“…to produce a consistent, reliable methodology for the determination of the coolness quotient of any particular idea or product, it must be evaluated in contrast with an ideal representation of cool: therefore, any such measurement will be quantified with the most precision by calculating the number of Sinatras it contains.”
Quantified Cool, John Maynard Keynes, Chairman of the World Bank Commission, 1944
Sinatra Grading: How and Why
This may come as a shock, but there’s no such thing as the Sinatra Scaling System….. I know I try to maintain a spoiler-free zone, but that’s only for puzzles and my secret identity.
Keynes was an economist, true, but Frank Sinatra was 11 when he died, so only Frankie’s mom knew how great he was at the time.
The name “fivesinatras” was something I spontaneously came up with when choosing my first online name as a teenager – a random and impulsive joke of the vaguely ironic “what’s cooler than one Frank Sinatra?……” Yes I do think Ol’ Blue Eyes is cool, but no, there are things cooler than he (as evidenced by my review of Secretum Cista, to which I gave the coveted Presley). Obviously, puzzles are cooler, or else I might be writing a blog called Five Puzzle Boxes, in which I used a puzzle-based rating system to talk about various Sinatra songs.
Eventually, I got into mechanical puzzles, and began seriously collecting them a couple years ago, relying frequently on the excellent puzzle blogs that have been around for years (particularly as there were far fewer puzzle YouTube channels at the time). Since I already spent so much time reading about them and working on them and had no one to talk to about them, beyond the occasional, “that’s nice, babe,” from my wife, I thought it might be fun to write about them. As I was already familiar with the name, “fivesinatras” seemed like an obvious choice (and now millions of puzzle collectors throughout the world regularly use the rating system).
So, basically, the name was a bit of an inside joke with myself, impulsively invented and used to create a blog; I’ve kept writing because it is fun and because I’ve had a person or two tell me that they found it useful, which I think is pretty cool.
You may have noticed that the “rating” system is a bit random. That is by design. If I didn’t think a puzzle was great, I wouldn’t write about it. I have not written about the majority of great puzzles I have done, as I select them randomly and impulsively, but these are some of them.
Oftentimes, I will change whatever aspect of a puzzle I am specifically rating to focus on whatever it is I find compelling about that specific puzzle; a few times, I think I forgot to include a rating at all. Quite possibly, I could now look back and feel like some don’t really make sense, as I have applied it totally inconsistently. Please don’t compare one rating to another and take it to mean that I think any particular puzzle is better than any other; the rating is intended to humorously praise and acknowledge and not to seriously critique or condemn.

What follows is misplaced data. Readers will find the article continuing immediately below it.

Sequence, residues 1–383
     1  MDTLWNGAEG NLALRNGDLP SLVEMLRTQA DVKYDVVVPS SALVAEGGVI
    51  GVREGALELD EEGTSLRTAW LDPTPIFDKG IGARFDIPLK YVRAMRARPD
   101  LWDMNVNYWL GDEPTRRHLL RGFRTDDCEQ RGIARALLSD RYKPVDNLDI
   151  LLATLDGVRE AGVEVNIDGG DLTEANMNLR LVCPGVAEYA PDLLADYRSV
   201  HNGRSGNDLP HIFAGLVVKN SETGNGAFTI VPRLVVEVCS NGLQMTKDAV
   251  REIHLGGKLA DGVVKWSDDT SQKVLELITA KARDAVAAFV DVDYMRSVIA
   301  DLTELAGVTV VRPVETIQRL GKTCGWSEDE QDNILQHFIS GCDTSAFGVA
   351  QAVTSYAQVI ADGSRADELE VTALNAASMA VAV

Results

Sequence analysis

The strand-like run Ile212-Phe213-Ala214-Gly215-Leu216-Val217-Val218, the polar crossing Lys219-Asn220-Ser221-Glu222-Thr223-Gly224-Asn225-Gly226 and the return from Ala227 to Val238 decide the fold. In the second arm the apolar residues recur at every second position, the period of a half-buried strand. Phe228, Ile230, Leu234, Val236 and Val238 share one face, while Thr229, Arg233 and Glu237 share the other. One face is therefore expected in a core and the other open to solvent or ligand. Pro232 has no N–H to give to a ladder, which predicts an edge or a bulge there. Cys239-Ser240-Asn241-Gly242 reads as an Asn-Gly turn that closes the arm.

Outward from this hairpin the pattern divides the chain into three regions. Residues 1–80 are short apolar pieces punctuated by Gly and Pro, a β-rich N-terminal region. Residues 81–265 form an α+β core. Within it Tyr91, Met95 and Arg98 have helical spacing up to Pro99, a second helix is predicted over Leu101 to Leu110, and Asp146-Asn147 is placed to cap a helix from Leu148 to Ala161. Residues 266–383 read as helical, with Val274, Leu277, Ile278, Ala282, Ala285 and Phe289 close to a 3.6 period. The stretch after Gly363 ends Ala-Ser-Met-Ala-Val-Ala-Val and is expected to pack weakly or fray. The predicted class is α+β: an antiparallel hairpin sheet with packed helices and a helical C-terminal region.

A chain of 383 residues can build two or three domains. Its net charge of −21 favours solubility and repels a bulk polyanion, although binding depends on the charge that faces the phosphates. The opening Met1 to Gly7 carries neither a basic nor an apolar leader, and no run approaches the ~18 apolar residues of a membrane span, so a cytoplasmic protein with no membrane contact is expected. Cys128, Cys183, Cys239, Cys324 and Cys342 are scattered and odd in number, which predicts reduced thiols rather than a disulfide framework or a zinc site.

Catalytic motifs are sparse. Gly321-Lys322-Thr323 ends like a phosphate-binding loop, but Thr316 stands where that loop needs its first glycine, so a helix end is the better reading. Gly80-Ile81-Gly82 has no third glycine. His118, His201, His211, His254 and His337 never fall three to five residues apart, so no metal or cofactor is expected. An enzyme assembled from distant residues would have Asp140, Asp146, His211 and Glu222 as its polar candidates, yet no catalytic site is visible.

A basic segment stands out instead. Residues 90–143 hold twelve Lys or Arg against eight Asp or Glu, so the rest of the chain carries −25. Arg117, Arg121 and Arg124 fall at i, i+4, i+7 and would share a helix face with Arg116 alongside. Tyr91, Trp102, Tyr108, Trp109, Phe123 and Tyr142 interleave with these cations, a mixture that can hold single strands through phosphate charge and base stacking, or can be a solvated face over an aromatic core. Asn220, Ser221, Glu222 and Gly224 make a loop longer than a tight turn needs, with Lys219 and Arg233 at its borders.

Since it has been around for a while now, I figure I should throw some sort of standard at it, so I will continue to use it as an extremely brief TL;DR, using 4, 4.5, and 5 Sinatras, and perhaps the rare Presley. If ever a puzzle disappoints me so terribly that I cannot bear to keep it a secret, it might then have bestowed upon it the dreaded Bishop (we shan’t even mention the shameful Lawford). Hopefully, this clears up the ongoing debates about the nature and scope of the rating system currently taking place in numerous town hall meetings and University classrooms across the globe.
Thank you to my tens of imaginary readers, to the excellent puzzlers whose writings have inspired and directed me, and of course to the amazing and ingenious puzzle designers and creators whose work makes it all possible. And thank you most of all to the large, fiery ball at the center of the solar system whose ongoing existence allows us to enjoy puzzles: we couldn’t do it with you!
Overall Existence Grade: Four and a Half Sinatras
“[D]espite the justified reliance on the Sinatra as the coolness quotient upon which said methodology is based, there must simultaneously exist an indicator to be used should a commodity’s value be calculated such that the Sinatra be rendered insufficient; in this event, the Presley is the more apparent and precise control to represent the coolness being commodified insofar as it exists in excess of the standardized Sinatra metric.”